Dead Sea Scrolls Confirm Bible?

According to Billy Graham, the Dead Sea Scrolls “repeatedly confirm the accuracy of the Bible.” In his Q&A column in the Kansas City Star and elsewhere, Graham gave the latter answer to an inquirer who told about a friend “who says that the Dead Sea Scrolls disprove Christianity.”

While I certainly agree that it is utter nonsense to argue that the scrolls somehow disprove Christianity, I found Graham’s comment on the reliability of the texts of the Hebrew Bible a bit misleading. Here’s an excerpt:

Many contain books of the Old Testament and have repeatedly confirmed the accuracy of the texts of our Bibles. Other scrolls show that many people were eagerly looking for the coming of the Messiah.

While the largest group of biblical manuscripts found at Qumran are proto-Masoretic (i.e., they are of the same tradition as the modern text of Hebrew Bible) and in this sense they underscore the antiquity of our biblical text, the Dead Sea Scrolls also give witness to a significant textual plurality. They also raise many issues about the nature of the biblical “canon” (to use the term anachronistically) before the time of Jesus. That being said, I don’t think this new understanding of the development of the biblical text has many implications to the authority of the biblical text, it does complicate things dramatically.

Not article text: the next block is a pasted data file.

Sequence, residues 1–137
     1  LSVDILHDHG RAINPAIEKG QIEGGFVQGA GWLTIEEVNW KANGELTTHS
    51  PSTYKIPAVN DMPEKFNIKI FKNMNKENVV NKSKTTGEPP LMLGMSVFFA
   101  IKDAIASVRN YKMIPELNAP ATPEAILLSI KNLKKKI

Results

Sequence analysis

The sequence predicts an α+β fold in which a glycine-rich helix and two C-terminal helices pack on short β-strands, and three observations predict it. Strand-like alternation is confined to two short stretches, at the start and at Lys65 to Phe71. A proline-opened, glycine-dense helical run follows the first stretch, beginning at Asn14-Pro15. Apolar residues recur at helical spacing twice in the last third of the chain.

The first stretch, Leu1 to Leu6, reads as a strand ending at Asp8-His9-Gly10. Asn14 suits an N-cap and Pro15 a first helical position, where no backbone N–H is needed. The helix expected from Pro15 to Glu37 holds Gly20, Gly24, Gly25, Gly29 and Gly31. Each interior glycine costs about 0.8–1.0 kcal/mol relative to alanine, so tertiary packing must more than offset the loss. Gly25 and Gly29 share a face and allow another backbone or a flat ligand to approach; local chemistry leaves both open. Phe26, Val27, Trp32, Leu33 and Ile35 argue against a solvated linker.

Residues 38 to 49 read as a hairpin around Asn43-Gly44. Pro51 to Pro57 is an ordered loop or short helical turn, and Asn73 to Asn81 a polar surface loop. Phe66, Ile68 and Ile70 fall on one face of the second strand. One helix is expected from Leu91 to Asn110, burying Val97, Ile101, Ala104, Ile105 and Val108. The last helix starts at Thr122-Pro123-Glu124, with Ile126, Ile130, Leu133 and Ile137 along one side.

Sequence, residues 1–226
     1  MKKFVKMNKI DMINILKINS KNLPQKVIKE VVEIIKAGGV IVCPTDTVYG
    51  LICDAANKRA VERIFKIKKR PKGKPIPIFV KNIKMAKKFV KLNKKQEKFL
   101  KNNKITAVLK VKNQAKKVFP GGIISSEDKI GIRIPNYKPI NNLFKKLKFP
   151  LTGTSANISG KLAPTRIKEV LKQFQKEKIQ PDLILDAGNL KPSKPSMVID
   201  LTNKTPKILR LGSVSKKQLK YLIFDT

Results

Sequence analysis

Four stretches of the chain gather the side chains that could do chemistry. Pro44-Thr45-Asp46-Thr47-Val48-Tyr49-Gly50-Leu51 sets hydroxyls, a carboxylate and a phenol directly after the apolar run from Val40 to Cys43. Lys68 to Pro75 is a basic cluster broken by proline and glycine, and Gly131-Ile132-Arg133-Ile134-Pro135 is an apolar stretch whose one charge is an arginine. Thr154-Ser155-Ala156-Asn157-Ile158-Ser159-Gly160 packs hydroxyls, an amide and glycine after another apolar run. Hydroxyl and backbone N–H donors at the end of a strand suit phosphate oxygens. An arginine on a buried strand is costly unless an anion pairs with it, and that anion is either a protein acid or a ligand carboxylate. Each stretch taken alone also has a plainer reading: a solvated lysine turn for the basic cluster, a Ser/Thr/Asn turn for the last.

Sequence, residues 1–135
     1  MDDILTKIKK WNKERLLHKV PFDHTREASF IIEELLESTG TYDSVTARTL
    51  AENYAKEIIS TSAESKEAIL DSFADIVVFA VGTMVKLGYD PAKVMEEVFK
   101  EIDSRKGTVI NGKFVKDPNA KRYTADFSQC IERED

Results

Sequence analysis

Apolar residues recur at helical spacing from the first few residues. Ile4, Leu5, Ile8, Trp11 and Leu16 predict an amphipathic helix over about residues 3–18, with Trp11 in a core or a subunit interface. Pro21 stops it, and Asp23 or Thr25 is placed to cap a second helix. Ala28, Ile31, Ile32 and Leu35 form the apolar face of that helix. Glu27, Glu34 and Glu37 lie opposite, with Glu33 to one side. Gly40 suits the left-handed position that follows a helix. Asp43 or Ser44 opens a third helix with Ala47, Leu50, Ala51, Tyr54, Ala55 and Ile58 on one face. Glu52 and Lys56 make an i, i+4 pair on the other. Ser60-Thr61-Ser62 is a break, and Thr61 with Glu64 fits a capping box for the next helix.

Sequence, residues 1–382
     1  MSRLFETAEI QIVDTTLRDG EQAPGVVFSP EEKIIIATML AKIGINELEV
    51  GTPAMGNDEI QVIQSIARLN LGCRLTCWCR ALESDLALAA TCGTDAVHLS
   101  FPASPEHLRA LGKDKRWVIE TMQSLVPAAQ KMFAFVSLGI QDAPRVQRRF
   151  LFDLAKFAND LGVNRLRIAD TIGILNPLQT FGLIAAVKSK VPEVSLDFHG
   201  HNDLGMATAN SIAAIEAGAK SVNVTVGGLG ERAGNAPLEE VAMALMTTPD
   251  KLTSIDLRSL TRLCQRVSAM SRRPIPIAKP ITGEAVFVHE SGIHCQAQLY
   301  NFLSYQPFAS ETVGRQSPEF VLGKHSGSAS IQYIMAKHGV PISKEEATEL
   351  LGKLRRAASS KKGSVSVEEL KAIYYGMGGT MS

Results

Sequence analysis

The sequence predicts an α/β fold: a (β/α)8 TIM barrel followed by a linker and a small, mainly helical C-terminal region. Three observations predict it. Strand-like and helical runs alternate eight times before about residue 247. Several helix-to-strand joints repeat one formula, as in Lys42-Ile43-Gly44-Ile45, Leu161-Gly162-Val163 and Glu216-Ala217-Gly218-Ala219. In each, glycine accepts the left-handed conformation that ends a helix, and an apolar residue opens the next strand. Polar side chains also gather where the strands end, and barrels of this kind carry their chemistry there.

For more discussion of the text of the Hebrew Bible, see my series of posts on the Textual Criticism of the Hebrew Bible, especially the one on the Dead Sea Scrolls. You may also want to check out my Dead Sea Scrolls Resource pages.

On another related note, there is an article in the Chicago Tribune about Norman Golb‘s theories separating the scrolls from the remains at Khirbet Qumran. The article doesn’t really provide any new evidence; it just refers to an article in the September 2006 issue of Biblical Archaeology Review that I had already blogged on here. See Jim Davila’s comments on this most recent article here.

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8 Responses to Dead Sea Scrolls Confirm Bible?

  1. Ken says:

    Hey why are you picking on Billy Graham? It actually seems to me, all things considered, a fairly responsible statement, especially for a non-scholar. He doesn’t make any blanket, absolute statements… and his statement is basically defensible. Despite the textual plurality to which the Qumran scrolls attest, they do confirm that the MT preserves quite accurately a tradition attested at Qumran. There are biblical scholars who are invited to make presentations in your very institution who make statements of this kind… Heck, are you sure you haven’t even said something to this effect once upon a time? 🙂

  2. Tony Parry says:

    The dead sea scrolls are facinating, not because the prove or disprove Christianity but because they reinforce the Bible’s claim to divine authorship.

    Chinese whispers